27 September 2023

A flying start for the new master’s programme in Quantum Information Science


A huge welcome to the 42 first students in the UCPH/DTU MSc programme in Quantum Information Science.

The first QIS class
The first QIS class

To ensure that society has a qualified quantum sciences workforce, the University of Copenhagen (UCPH), in collaboration with the Technical University of Denmark (DTU), has opened Denmark's first programme of study in quantum information science.

The programme will produce tomorrow’s quantum specialists, who will then help to spread the use and knowledge of the new technology.

The admitted students' backgrounds cover a wide range; they are bachelors in mathematics, computer science, physics, engineering physics, astrophysics, photonics, electrical engineering, nanoscience or informatics.

They come from as many as 16 different countries – Denmark, China, Spain, Greece, Ireland, Slovakia, Austria, Bangladesh, India, Croatia, Norway, Poland, Portugal, Switzerland, Serbia, and the USA, creating a highly international student environment.

“It’s a great day, I take note of the students' commitment and enthusiasm, and I wish all the new students welcome", said the head of studies Jan Philip Solovej when the students started at the beginning of September.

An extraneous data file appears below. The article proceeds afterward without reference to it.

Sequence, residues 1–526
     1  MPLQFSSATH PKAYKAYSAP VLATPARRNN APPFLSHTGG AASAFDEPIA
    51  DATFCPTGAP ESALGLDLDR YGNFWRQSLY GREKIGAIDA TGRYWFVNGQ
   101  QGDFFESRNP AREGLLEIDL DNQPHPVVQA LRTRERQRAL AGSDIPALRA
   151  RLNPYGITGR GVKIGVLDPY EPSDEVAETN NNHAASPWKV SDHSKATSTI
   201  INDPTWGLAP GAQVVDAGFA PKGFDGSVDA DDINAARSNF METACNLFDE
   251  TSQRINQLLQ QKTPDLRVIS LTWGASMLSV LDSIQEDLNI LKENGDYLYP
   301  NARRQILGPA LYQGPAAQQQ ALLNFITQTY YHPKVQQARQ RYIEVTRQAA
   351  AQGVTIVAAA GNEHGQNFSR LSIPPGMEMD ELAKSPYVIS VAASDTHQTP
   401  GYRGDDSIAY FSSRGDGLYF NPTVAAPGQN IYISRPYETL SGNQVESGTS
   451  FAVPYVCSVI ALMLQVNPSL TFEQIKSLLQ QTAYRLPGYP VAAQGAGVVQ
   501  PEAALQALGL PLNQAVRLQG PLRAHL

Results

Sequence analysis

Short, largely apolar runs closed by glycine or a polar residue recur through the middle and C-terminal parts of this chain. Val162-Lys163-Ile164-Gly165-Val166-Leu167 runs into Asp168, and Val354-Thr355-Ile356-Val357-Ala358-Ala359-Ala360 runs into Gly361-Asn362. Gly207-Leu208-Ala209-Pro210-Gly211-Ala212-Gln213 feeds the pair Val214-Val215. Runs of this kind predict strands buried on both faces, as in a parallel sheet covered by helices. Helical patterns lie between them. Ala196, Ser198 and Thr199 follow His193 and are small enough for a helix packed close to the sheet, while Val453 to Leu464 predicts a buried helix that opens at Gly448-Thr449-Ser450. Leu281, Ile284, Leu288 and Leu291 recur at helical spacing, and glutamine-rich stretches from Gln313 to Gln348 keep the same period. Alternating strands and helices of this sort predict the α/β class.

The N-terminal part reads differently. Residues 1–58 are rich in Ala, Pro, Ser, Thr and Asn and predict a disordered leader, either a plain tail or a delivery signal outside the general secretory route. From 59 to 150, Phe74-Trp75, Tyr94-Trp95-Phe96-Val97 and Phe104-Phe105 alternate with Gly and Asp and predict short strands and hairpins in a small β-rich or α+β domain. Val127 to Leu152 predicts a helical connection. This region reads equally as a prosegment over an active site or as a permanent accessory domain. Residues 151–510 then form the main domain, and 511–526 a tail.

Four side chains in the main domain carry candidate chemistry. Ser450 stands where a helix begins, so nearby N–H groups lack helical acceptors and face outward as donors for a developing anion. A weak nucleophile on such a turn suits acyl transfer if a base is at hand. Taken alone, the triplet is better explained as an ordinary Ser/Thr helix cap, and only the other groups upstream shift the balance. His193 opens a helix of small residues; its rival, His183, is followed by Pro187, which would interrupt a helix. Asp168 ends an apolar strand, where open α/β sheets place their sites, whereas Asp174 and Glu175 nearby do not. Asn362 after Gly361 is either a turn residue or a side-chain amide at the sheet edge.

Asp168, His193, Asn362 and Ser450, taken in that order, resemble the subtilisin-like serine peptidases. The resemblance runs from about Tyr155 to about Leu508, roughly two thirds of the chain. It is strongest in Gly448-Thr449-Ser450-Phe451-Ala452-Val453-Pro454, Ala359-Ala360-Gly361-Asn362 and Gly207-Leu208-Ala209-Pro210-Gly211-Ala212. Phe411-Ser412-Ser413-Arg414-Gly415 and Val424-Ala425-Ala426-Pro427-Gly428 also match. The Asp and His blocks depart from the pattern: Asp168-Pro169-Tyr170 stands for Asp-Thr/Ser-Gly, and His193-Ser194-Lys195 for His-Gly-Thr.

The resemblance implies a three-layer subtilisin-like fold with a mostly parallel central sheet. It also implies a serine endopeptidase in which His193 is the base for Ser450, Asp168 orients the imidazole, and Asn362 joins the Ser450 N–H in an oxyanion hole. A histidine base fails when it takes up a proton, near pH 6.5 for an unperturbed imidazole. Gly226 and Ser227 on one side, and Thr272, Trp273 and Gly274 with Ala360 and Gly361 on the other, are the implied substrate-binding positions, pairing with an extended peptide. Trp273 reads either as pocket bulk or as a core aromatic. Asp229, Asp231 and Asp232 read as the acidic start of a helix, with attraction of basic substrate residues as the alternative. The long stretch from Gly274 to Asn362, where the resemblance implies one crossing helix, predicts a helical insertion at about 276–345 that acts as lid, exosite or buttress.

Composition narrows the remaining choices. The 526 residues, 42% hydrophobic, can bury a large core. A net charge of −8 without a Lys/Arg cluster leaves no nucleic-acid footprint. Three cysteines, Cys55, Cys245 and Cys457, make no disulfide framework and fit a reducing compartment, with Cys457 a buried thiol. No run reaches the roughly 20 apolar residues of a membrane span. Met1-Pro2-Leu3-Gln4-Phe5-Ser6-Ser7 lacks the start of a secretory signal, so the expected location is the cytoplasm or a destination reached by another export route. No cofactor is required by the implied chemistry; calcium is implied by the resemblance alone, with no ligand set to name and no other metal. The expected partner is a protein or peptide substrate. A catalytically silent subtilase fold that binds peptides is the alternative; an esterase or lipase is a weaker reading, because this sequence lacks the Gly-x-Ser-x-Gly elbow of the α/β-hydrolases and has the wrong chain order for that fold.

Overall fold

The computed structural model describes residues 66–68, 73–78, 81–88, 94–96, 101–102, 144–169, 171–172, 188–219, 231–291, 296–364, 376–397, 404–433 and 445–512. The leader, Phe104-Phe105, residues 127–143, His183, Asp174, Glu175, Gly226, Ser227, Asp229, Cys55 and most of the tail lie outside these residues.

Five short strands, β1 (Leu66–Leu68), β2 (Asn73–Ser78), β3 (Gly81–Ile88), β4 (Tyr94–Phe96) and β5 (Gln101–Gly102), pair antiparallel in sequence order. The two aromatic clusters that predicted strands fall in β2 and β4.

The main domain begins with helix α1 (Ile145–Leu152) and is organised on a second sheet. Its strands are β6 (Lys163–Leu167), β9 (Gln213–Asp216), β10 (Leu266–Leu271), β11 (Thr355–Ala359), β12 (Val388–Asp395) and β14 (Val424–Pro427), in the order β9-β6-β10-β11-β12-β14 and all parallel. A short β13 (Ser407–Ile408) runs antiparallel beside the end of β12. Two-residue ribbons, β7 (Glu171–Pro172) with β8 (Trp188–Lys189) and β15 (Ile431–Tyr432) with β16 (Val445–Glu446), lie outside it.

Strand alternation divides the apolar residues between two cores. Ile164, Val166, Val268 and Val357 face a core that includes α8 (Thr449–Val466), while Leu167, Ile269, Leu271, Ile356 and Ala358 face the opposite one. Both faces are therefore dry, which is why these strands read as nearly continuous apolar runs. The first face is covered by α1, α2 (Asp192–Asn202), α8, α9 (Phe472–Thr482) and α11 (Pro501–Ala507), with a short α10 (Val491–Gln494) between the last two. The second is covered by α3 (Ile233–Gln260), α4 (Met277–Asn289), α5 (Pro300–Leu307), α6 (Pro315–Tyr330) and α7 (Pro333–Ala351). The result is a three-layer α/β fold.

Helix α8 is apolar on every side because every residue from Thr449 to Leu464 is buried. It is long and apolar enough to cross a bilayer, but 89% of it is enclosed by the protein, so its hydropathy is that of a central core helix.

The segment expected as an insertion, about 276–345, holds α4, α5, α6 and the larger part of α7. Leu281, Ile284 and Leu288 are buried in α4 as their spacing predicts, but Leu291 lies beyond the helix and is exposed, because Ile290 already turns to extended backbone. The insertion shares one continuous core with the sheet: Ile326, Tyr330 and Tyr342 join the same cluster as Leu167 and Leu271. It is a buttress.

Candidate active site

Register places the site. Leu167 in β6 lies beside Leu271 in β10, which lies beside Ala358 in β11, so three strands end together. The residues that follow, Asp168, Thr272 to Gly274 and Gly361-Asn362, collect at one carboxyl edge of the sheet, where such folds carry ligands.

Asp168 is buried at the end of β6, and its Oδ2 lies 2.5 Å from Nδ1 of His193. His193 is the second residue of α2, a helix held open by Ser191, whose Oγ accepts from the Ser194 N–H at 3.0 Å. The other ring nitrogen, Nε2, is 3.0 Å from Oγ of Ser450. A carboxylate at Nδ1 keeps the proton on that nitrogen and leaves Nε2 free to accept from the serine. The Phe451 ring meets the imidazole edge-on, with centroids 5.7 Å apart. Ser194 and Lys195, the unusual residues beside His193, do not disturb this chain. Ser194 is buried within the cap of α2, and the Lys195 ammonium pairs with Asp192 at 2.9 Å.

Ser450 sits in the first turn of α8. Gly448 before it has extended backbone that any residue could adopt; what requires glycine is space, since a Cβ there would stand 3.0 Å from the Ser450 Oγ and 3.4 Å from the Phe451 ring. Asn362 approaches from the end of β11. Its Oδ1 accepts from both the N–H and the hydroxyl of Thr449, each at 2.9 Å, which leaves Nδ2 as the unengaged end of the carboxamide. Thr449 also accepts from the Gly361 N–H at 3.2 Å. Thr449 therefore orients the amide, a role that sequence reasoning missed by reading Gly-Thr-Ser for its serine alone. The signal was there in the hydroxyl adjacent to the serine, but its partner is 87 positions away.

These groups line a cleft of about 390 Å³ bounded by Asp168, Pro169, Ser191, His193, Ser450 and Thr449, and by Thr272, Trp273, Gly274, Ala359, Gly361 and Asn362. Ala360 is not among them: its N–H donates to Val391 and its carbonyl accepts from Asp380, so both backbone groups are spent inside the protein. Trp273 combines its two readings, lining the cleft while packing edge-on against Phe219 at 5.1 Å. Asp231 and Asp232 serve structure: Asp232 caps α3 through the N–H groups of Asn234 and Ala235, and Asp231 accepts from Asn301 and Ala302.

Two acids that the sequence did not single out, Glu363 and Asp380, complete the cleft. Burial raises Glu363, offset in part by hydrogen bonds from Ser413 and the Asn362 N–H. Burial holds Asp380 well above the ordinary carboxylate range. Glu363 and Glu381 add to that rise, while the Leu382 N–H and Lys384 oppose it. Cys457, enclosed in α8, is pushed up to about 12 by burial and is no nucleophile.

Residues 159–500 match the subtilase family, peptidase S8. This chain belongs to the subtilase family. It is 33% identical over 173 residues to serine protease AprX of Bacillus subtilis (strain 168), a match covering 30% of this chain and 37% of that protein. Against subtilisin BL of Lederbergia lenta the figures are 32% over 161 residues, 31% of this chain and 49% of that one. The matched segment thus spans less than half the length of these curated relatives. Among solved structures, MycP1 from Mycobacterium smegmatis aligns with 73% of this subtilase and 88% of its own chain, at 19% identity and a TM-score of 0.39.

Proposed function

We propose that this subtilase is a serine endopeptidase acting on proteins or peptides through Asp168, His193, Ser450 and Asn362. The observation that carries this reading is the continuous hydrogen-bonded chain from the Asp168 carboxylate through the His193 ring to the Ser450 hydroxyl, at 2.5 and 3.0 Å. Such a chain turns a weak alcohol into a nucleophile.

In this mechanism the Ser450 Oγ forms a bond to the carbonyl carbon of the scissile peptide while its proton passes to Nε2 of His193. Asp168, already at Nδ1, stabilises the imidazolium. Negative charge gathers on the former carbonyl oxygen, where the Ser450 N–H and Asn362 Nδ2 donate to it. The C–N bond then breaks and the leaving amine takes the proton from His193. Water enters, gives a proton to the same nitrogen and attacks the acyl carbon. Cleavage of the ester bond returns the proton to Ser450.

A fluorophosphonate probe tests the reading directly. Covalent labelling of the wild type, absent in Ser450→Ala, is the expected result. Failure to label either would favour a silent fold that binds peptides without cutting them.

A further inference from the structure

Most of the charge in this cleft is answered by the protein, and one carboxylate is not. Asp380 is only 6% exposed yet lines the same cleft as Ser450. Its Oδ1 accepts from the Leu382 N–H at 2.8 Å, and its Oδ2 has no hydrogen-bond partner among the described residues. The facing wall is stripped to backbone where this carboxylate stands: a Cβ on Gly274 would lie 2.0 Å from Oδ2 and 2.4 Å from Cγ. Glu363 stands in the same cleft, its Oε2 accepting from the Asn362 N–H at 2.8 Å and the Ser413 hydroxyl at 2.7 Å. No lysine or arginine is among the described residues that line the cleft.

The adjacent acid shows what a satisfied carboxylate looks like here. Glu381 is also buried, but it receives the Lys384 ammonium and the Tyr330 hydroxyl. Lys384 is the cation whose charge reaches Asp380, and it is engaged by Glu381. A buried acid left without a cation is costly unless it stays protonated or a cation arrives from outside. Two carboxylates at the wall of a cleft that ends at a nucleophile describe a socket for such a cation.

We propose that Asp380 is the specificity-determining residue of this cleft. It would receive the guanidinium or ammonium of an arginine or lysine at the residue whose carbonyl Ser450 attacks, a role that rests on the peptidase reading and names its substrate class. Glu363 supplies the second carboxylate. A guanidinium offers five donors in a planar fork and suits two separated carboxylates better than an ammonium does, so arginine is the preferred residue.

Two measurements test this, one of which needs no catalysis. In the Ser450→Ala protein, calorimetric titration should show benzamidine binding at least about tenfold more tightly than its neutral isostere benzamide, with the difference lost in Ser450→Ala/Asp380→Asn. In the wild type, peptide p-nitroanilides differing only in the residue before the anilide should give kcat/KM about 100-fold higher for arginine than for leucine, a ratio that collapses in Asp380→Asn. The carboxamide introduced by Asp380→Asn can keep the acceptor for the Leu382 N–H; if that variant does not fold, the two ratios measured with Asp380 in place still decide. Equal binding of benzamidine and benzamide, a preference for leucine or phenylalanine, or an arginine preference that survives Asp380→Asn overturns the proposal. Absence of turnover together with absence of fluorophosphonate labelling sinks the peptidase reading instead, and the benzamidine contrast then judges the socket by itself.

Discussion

"We want to be at the forefront, and the goal is that the graduates of this programme, can go out and take, even create, new jobs in this fast-developing, new field”, said Jan Philip Solovej.

Joint venture

The master’s programme is an interdisciplinary program that combines the subjects of physics, computer science, mathematics and chemistry.

The education is a joint venture between UCPH and DTU, and the teaching will take place at both institutions. The education utilizes the very strong research environments that already exist within the area at UCPH and DTU.

At UCPH three departments collaborate on the programme: The Department of Mathematical Sciences, Niels Bohr Institute and the Department of Computer Science.

According to the head of studies Jan Phillip Solovej, the students must therefore first learn to speak the same 'quantum language':

"The students must go through several joint compulsory courses, which must give them a basic understanding of quantum information theory and on which platforms the technology can be practically used. After that, the candidates have the opportunity to specialize".

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